Out of these ranks they match themselues by payres, one embracing another, & so passe away: euery of which couple, are specially to watch one another during the play.

After this, they pitch two bushes in the ground, some eight or ten foote asunder; and directly against them, ten or twelue score off, other twayne in like distance, which they terme their Goales. One of these is appoynted by lots, to the one side, and the other to his aduerse party. There is assigned for their gard, a couple of their best stopping Hurlers; the residue draw into the midst betweene both goales, where some indifferent person throweth vp a ball, the which whosoeuer can catch, and cary through his aduersaries goale, hath wonne the game. But therein consisteth one of Hercules his labours: for he that is once possessed of the ball, hath his contrary mate waiting at inches, and assaying to lay hold vpon him. The other thrusteth him in the breast, with his closed fist, to keepe him off; which they call Butting, and place in weldoing the same, no small poynt of manhood.

If hee escape the first, another taketh him in hand, and so a third, neyther is hee left, vntill hauing met (as the Frenchman sayes) Chausseura son pied, hee eyther touch the ground with some part of his bodie, in wrastling, or cry, Hold; which is the word of yeelding. Then must he cast the ball (named Dealing) to some one of his fellowes, who catching the same in his hand, maketh away withall as before; and if his hap or agility bee so good, as to shake off or outrunne his counter-wayters, at the goale, hee findeth one or two fresh men, readie to receiue and keepe him off. It is therefore a very disaduantageable match, or extraordinary accident, that leeseth many goales: howbeit, that side carryeth away best reputation, which giueth most falles in the hurling, keepeth the ball longest, and presseth his contrary neerest to their owne goale. Sometimes one chosen person on eche party dealeth the ball.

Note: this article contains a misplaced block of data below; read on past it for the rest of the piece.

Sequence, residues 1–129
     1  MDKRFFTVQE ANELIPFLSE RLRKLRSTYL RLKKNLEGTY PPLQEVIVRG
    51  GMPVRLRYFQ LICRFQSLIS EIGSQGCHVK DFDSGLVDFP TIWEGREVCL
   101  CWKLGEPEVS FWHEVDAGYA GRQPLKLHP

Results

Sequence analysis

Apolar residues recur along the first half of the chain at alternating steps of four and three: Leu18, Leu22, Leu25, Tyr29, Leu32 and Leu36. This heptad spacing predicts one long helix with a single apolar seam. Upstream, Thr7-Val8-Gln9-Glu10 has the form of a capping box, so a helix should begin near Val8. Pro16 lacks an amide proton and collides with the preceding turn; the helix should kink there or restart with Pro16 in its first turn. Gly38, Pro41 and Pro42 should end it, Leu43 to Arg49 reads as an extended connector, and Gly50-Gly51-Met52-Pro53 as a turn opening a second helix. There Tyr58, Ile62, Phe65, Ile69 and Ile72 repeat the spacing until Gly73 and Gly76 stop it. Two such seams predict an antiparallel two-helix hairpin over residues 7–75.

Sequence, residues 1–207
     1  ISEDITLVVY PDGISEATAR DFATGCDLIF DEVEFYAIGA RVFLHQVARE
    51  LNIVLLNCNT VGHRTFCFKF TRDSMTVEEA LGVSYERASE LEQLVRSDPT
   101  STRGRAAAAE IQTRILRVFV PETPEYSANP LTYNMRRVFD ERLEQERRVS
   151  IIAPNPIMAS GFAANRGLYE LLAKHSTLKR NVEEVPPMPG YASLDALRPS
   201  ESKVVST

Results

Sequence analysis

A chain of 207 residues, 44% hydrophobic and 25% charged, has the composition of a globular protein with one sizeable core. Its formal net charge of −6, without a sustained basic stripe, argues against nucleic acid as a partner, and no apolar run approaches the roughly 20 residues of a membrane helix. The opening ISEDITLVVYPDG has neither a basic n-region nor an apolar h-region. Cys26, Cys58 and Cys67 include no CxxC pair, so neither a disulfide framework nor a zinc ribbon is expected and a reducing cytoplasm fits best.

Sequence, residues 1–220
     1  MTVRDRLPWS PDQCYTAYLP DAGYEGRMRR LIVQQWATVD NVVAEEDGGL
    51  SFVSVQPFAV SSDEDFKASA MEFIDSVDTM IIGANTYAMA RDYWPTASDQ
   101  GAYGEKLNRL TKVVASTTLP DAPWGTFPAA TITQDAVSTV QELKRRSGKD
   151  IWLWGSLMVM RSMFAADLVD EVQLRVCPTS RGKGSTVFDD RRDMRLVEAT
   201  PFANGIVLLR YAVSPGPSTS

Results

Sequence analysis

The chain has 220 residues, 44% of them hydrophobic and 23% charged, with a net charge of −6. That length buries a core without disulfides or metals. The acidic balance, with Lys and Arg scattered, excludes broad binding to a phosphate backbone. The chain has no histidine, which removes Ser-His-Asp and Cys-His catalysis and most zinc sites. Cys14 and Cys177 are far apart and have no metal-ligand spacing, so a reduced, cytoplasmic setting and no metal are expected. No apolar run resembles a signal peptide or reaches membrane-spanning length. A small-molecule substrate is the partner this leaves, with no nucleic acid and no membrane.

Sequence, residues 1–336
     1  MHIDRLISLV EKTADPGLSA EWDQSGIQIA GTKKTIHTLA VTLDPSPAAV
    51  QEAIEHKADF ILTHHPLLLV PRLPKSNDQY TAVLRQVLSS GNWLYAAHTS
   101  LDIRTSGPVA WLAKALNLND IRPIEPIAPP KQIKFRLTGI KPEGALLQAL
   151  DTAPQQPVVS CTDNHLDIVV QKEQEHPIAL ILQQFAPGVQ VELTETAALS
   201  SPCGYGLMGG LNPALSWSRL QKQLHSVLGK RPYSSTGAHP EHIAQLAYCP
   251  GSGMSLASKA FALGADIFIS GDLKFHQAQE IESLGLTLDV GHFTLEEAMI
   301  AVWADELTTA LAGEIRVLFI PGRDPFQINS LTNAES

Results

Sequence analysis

The Hurlers are bound to the obseruation of many lawes, as, that they must hurle man to man, and not two set vpon one man at once: that the Hurler against the ball, must not but, nor hand-fast vnder girdle: that hee who hath the ball, must but onely in the others brest: that he must deale no Fore-ball, viz. he may not throw it to any of his mates, standing neerer the goale, then himselfe. Lastly, in dealing the ball, if any of the other part can catch it flying between, or e're the other haue it fast, he thereby winneth the same to his side, which straightway of defendant becommeth assailant, as the other, of assailant falls to be defendant. The least breach of these lawes, the Hurlers take for a iust cause of going together by the eares, but with their fists onely; neither doth any among them seek reuenge for such wrongs or hurts, but at the like play againe. These hurling matches are mostly vsed at weddings, where commonly the ghests vndertake to encounter all commers.

[75]

The hurling to the Countrey, is more diffuse and confuse, as bound to few of these orders: Some two or more Gentlemen doe commonly make this match, appointing that on such a holyday, they will bring to such an indifferent place, two, three, or more parishes of the East or South quarter, to hurle against so many other, of the West or North. Their goales are either those Gentlemens houses, or some townes or villages, three or foure miles asunder, of which either side maketh choice after the neernesse to their dwellings. When they meet, there is neyther comparing of numbers, nor matching of men: but a siluer ball is cast vp, and that company, which can catch, and cary it by force, or sleight, to their place assigned, gaineth the ball and victory. Whosoeuer getteth seizure of this ball, findeth himselfe generally pursued by the aduerse party; neither will they leaue, till (without all respects) he be layd flat on Gods dear earth: which fall once receiued, disableth him from any longer detayning the ball: hee therefore throwet the same (with like hazard of intercepting, as in the other hurling) to some one of his fellowes, fardest before him, who maketh away withall in like maner.

Please Support the Classic Literature Library

Buy Richard Carew Books from Amazon.com

The Survey of Cornwall Page 64

Richard Carew

16th Century Literature

Free Books in the public domain from the Classic Literature Library ©

Richard Carew
Classic Literature Library
Classic Authors

All Pages of This Book